Feb. 05, 2019
Extracorporeal shock wave therapy (ESWT) is a noninvasive treatment that involves delivery of shock waves to injured soft tissue to reduce pain and promote healing. According to Jonathan T. Finnoff, D.O., medical director for Mayo Clinic Sports Medicine at Mayo Clinic Square in Minneapolis, ESWT is a viable option to consider for many patients who present with chronic tendinopathy that hasn't responded to more-conservative treatments. Often difficult to treat, chronic tendinopathy is characterized by localized pain and pathological changes to a tendon. The condition affects athletes and nonathletes alike.
Who is a candidate for ESWT?
The Food and Drug Administration has approved the use of ESWT for the treatment of plantar fasciopathy. However, Dr. Finnoff notes that multiple high-quality randomized clinical trials have provided substantial evidence that ESWT is a safe and effective noninvasive option for treating tendinopathy throughout the musculoskeletal system.
Dr. Finnoff and his Mayo Clinic colleagues are currently using ESWT to treat chronic, recalcitrant tendinopathy throughout the body. Mayo sports medicine specialists have found this therapy beneficial for treating the following areas of tendinopathy:
- Rotator cuff
- Lateral epicondyle
- Medial epicondyle
- Greater trochanter (gluteus medius and minimus)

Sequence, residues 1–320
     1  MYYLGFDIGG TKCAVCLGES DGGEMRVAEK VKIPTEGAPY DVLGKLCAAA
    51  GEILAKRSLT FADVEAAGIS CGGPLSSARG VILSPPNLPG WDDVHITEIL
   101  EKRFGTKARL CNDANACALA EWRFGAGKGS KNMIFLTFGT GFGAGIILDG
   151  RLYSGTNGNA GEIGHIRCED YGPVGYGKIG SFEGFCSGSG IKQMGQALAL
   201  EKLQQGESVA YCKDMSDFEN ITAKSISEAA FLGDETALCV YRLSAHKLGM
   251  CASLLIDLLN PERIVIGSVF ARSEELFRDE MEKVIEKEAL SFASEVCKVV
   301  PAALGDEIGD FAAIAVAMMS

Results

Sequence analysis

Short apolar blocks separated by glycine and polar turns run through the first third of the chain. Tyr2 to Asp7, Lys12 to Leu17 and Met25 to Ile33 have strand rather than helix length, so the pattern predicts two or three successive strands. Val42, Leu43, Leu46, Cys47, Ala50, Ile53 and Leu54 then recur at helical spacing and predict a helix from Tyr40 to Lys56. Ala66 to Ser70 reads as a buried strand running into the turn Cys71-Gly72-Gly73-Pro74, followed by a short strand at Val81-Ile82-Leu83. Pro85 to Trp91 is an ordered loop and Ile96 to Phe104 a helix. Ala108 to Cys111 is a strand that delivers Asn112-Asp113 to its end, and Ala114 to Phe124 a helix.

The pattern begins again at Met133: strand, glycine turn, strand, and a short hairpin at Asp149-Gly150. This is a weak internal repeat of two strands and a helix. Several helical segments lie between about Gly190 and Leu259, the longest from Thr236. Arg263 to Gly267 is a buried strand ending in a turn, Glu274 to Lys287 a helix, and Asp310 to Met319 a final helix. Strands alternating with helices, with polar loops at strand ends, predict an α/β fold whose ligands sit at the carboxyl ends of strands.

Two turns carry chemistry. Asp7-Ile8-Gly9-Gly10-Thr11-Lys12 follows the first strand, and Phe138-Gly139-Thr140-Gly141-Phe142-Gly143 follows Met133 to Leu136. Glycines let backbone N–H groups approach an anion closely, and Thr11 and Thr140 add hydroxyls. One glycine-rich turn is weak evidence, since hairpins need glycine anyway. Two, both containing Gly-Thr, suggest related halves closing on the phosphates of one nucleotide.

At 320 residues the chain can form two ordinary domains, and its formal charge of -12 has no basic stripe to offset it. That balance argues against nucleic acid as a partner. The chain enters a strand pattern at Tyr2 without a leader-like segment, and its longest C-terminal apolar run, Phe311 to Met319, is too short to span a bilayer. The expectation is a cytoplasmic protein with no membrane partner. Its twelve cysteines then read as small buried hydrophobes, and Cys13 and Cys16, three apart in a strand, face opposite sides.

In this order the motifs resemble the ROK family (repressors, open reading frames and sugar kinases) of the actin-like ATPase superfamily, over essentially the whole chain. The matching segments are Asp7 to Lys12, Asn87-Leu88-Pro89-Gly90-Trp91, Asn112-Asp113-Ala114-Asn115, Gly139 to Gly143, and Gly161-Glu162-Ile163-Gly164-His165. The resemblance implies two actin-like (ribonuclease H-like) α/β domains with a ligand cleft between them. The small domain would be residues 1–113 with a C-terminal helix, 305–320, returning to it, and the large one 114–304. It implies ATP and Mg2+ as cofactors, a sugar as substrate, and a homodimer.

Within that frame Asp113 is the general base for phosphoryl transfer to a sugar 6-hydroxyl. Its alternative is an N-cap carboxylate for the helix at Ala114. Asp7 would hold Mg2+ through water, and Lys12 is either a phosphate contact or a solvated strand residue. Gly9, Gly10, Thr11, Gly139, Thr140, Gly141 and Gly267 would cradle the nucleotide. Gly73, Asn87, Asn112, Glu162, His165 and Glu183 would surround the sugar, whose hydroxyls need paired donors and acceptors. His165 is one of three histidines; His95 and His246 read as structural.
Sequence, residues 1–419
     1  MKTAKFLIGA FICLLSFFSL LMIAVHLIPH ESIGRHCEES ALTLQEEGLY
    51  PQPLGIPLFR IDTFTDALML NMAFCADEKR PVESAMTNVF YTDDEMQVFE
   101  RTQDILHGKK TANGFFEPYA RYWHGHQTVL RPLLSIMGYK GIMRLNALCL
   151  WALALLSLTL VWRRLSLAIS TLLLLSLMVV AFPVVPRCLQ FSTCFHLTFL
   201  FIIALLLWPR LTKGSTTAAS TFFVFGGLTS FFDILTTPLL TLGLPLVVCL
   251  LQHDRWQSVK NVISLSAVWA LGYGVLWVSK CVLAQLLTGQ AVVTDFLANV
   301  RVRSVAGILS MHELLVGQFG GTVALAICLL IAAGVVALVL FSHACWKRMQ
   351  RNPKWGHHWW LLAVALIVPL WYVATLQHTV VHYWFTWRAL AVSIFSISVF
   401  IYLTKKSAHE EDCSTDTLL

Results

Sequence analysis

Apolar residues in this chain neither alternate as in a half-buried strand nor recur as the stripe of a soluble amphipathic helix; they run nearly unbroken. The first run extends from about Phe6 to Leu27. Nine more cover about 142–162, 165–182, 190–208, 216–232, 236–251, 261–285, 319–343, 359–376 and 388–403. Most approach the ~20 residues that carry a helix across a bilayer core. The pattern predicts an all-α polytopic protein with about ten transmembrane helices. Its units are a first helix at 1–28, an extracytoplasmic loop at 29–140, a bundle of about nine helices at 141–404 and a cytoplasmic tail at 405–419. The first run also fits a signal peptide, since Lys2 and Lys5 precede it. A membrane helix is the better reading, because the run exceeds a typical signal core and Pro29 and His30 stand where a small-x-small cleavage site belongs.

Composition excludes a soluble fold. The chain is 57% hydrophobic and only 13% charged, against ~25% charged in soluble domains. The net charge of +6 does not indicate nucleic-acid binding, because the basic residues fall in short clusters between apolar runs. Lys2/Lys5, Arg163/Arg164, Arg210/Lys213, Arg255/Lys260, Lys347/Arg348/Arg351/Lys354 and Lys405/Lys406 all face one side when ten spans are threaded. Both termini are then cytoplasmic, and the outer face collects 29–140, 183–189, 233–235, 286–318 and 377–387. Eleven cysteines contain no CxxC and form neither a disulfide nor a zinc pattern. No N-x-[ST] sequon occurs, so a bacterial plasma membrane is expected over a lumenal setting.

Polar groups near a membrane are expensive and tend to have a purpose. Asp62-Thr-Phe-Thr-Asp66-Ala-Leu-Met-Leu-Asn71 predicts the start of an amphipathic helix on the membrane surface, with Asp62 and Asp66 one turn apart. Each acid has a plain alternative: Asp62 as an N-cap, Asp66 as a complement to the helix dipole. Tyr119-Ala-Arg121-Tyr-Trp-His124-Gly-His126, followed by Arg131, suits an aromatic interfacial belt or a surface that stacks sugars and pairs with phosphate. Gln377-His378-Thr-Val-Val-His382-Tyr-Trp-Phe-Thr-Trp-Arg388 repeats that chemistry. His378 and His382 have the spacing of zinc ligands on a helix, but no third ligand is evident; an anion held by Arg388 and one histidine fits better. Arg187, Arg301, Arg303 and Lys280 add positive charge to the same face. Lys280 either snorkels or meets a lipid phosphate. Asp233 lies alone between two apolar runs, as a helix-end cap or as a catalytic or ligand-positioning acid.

- Proximal hamstring origin
- Rectus femoris
- Distal quadricep
- Patellar tendon
- Posterior tibial
- Plantar fascia
Dr. Finnoff notes that this approach fills a need for athletes whose injuries are not responding to first line treatments, such as rest, ice, therapeutic exercise, bracing and orthotics, but who are not yet ready to consider more-invasive or surgical options.
"Say we are treating a basketball player in the middle of the season who is experiencing jumper's knee that is inhibiting his or her ability to practice or play," explains Dr. Finnoff. "ESWT might be the next option for that athlete after we have tried all of the standard nonoperative treatments. Normally, when athletes have failed treatment, we have to tell them that they can't play or that they need to consider more-invasive treatments such as a needle tenotomy, experimental regenerative medicine treatment or surgical debridement, all of which are associated with higher costs, increased risk and longer recovery periods. While often successful, all of those more-invasive therapies require time off and can effectively end an athlete's season. ESWT thus provides athletes with a really nice intermediate option that, if successful, isn't season ending."
Treatment progression and return-to-play guideline
Dr. Finnoff notes that most patients require a series of treatments, each of which lasts less than 30 minutes. "A typical course of treatment is one treatment weekly for three weeks. If someone doesn't respond to the first two sessions, we usually stop. If they have improvement with three sessions but haven't achieved the desired level of symptom relief, we can continue as needed," says Dr. Finnoff. Athletes undergoing ESWT are typically told to gradually increase their activity level based on symptom intensity.
Side effects from ESWT are limited to mild bruising, swelling, pain, numbness or tingling in the treated area, and the recovery is minimal compared with that of surgical intervention.
"Most patients take a day or two off after treatment but don't require a prolonged recovery period," says Dr. Finnoff. "Our clinical experience and patient outcomes to date indicate that when performed by experienced practitioners, ESWT is a solid addition to the array of tools we have to offer athletes, and it provides another pathway to optimal recovery that is appealing to athletes and others who wish to remain active," concludes Dr. Finnoff.